Immigration detention: when more detainees equal more profits

Wednesday, August 1, 2012 at 11:31 am by

Within the last few years awareness has grown regarding the business of private prisons, particularly private corrections, and its many flaws.  More recently, attention has been paid to the now largest division of the private prison industry: immigration detention.  In 2011, both Amnesty International and PBS’s Frontline brought light to the booming business of immigration detention.

The Sentencing Project’s 2012 report Dollars and Detainees: The Growth of For-Profit Detention reveals shocking statistics on the number of immigration detainees in private detention centers, including that the total private detainee population increased by 259% between 2002 and 2010.  While the number of  privately held inmates has decreased due to state budget crises and policy changes,  the number of federal detainees under the jurisdiction of Immigration and Customs Enforcement (ICE) and the U.S. Marshals Service (USMS) has increased as a result of  ”stepped up efforts to find, incarcerate, and deport people who violate immigration laws.” “There are indications that federal detention will remain a major market for private companies.”

Prison security systemImmigration detainees differ from prisoners because they are detained while waiting to have their case decided in court as opposed to serving a sentence for conviction of a crime.  Despite the differing reason for imprisonment, immigration detainees will likely face deplorable conditions, abusive treatment, and other human rights violations.  In 2009, the New York Times reported on multiple deaths in a detention facility in Eloy, Arizona owned by one of the largest private prison companies, Corrections Corporation of America (CCA).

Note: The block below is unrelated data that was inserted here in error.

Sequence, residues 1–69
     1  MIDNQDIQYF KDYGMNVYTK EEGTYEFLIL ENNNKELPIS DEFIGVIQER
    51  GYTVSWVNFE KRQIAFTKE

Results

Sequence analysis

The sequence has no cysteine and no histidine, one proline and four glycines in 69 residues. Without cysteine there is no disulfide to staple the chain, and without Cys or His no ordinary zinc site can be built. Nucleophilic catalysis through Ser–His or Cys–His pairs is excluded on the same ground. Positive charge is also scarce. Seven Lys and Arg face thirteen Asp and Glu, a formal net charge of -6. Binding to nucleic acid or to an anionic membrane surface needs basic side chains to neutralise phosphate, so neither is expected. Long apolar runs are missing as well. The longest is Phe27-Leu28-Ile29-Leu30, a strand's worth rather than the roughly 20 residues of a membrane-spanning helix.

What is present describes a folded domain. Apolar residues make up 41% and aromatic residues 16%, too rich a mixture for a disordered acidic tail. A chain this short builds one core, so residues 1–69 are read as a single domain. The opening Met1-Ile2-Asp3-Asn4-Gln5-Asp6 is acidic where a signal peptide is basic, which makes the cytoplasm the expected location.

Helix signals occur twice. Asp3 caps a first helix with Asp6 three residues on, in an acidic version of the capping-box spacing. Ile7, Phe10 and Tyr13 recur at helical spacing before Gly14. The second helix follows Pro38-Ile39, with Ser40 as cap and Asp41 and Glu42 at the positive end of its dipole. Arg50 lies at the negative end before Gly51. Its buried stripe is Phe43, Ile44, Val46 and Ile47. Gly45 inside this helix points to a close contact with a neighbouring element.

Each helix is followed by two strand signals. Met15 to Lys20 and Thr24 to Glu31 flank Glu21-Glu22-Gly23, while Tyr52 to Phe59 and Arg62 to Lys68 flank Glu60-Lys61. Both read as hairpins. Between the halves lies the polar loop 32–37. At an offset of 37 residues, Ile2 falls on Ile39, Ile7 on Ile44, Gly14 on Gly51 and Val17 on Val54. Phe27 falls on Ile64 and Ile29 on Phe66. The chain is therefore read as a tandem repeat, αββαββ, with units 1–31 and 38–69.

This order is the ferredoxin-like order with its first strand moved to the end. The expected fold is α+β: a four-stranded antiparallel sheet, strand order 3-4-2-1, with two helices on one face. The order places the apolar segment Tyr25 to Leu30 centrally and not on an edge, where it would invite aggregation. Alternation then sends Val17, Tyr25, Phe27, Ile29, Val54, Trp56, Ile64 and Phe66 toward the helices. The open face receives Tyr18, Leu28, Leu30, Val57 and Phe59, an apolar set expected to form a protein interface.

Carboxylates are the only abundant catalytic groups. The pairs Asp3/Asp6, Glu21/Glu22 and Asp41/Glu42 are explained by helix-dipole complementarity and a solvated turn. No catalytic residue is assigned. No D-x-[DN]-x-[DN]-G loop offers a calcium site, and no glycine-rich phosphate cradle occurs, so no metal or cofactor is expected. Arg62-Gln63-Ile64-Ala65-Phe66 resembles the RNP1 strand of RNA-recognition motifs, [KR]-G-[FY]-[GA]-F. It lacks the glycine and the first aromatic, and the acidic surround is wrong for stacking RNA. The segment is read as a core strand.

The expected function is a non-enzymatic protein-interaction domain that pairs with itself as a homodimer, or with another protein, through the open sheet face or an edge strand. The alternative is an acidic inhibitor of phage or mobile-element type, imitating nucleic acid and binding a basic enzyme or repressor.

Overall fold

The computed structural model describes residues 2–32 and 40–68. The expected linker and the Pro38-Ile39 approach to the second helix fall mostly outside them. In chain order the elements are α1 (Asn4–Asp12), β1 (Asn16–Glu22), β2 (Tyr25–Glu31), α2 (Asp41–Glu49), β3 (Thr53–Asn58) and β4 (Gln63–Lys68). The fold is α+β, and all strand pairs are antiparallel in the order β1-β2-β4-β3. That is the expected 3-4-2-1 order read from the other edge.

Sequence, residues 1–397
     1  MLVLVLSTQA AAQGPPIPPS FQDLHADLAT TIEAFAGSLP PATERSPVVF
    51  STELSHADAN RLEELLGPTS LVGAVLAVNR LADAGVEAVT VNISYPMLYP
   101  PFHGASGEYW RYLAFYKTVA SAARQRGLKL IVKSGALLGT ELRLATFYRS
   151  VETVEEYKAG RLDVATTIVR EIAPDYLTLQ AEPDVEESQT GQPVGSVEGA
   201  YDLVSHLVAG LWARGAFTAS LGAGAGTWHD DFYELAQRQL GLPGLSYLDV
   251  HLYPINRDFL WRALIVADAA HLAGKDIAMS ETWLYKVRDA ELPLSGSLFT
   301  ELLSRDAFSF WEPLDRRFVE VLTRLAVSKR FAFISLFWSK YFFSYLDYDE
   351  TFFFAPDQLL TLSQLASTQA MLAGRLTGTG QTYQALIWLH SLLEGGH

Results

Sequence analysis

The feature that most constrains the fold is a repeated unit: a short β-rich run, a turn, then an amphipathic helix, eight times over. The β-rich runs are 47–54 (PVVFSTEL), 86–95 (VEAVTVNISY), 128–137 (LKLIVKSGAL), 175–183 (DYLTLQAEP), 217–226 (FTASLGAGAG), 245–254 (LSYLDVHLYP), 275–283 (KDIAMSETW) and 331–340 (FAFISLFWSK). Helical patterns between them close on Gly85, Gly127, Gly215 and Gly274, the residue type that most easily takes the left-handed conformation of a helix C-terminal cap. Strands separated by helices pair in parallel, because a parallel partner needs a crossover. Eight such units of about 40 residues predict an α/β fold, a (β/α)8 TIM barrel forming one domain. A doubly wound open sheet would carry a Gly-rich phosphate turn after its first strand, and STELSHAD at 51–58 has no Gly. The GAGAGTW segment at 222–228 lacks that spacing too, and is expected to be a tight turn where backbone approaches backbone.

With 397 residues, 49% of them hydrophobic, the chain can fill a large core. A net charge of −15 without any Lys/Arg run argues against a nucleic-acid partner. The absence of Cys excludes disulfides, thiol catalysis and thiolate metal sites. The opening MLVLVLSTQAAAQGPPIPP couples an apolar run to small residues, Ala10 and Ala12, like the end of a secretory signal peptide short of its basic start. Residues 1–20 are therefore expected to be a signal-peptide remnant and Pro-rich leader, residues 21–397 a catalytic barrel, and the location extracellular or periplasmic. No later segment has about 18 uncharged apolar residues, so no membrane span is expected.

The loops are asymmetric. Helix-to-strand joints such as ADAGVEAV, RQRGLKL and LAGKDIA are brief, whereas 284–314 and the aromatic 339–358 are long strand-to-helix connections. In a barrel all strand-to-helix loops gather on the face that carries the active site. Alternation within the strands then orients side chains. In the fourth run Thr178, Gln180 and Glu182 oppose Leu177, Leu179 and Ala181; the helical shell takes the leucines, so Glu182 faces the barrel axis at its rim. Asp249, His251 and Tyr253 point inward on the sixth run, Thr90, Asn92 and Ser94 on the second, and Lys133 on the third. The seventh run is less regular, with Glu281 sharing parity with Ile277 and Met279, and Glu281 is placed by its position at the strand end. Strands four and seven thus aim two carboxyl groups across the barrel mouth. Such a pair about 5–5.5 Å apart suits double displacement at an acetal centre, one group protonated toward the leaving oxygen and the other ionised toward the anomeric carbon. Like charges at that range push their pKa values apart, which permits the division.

The simple calculation that the higher the number of detainees results in higher profits is not hidden. To remain in business, private prisons must focus on the bottom line at the expense of safety, service, and the public good.  The detention business often keeps communities financially afloat.
Undoubtedly, private prison companies benefit from policies that preserve America’s high incarceration rate, specifically, the enforcement of immigration laws.  Multiple investigations and reports make clear the political connections between the private prison business and the passage of anti-immigrant laws. Indeed, as highlighted in Dollars and Detainees, Congress increased funding for detention and removal from over 184 million dollars to 2.75 billion dollars for fiscal year 2012.
Dollars and Detainees provides a thorough background and explanation of how this private prison system works.  The potential for further expansion is easy to see. With such a successful business strategy in place, how far will for-profit detention reach? Could corporate interest forge a relationship with those enforcing the National Defense Authorization Act (NDAA)?  As we’ve already seen in state correction systems and federal immigration enforcement, the risk of indefinite military detention under the NDAA is a situation ripe for privatization.
With the help of reports from organizations like The Sentencing Project, the ACLU, and Amnesty International, and inspiration from communities like Crete, Illinois, now is the time to demand transparency, respect for human rights, and recognition of due process and put a stop to the unregulated development and maintenance of for-profit detention centers.

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